Halloween

Below you will find some useful advice on how to keep your dog safe and prevent them from becoming distressed throughout the Halloween weekend.

dog in costume
Halloween Costume
Halloween Cake Pops

Don't dress up your dog!

Your children may enjoy dressing in Halloween costumes, but your dog may not! Please don’t dress your dog in a costume unless you know they are comfortable with this.

Halloween Costumes!

When wearing a Halloween costume, particularly those that include masks, your dog may not recognise you, and may respond to you very differently. We would recommend that you never wear, or allow anyone else to wear, a mask in the presence of your dog as this may frighten them. (This does not apply to a Covid mask).

If you or your children are going to wear costumes, make sure that your dog has a chance to investigate them before you wear them and that you behave in your normal way whilst wearing them.

Don't feed your dog sweets and chocolate!

Sweets and chocolate can be poisonous to dogs – ensure that all these items are out of reach of your dog.

 

What to do when trick or treaters come knocking.

Trick or treat is great fun for children but not necessarily for dogs. They may become anxious about the number of people knocking at your door, wearing masks and making Halloween noises.

Make sure your dog has no access to the front door or the hallway during the times when trick-or-treaters are likely to visit. By doing this, you will be protecting your dog from a stressful situation and ensuring the safety of both your pet, and the ‘trick or treaters.”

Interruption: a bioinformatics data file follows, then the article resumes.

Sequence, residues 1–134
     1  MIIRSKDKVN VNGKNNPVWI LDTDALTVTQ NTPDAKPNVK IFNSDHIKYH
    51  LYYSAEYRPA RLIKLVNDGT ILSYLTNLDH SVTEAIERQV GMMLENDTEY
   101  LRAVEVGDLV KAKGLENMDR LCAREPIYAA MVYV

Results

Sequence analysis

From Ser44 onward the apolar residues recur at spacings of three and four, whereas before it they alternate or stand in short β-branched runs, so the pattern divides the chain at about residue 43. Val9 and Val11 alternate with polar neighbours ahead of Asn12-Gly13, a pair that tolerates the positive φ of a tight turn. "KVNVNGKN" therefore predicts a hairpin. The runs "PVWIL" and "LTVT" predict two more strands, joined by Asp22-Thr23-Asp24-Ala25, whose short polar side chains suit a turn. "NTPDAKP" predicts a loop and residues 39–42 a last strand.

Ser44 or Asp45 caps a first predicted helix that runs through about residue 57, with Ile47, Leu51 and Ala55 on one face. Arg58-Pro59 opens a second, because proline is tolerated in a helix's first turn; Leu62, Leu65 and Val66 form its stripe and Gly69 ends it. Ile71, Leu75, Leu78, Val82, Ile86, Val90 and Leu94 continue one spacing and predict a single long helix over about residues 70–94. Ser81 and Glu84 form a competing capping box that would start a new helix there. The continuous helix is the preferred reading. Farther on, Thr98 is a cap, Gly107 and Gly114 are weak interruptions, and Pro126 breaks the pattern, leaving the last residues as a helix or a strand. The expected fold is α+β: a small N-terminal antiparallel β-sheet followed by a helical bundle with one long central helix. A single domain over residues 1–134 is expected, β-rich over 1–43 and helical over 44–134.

In case your dog does panic and escape whilst you have the door open, ensure that he/she is wearing a collar and ID tag, and that the details are up-to-date with your microchip company.

Encountering people in costumes when out and about.

Don’t be afraid to control children, or any other visitors, with their behaviour around you dog.

If out trick or treating and you meet a dog whilst dressed in a costume, behave sensibly. Keep your distance from the dog and say, “Hello” to the owner.

Don’t attempt to stroke the dog, and never try to deliberately scare the dog. Your actions may leave the owner and the dog in serious trouble if you get bitten as a result of your actions!

Leave your dog at home!

Don’t take your dog trick or treating. Leave your dog at home with the television /radio on and the curtains closed, or pop them in their crate with a tasty dog treat. There may be fireworks so be mindful of this.

Be careful when using candles in the house. Make sure they are high enough to avoid the risk of them being knocked over by an excited dog, or use electric or battery-operated candles instead.

 
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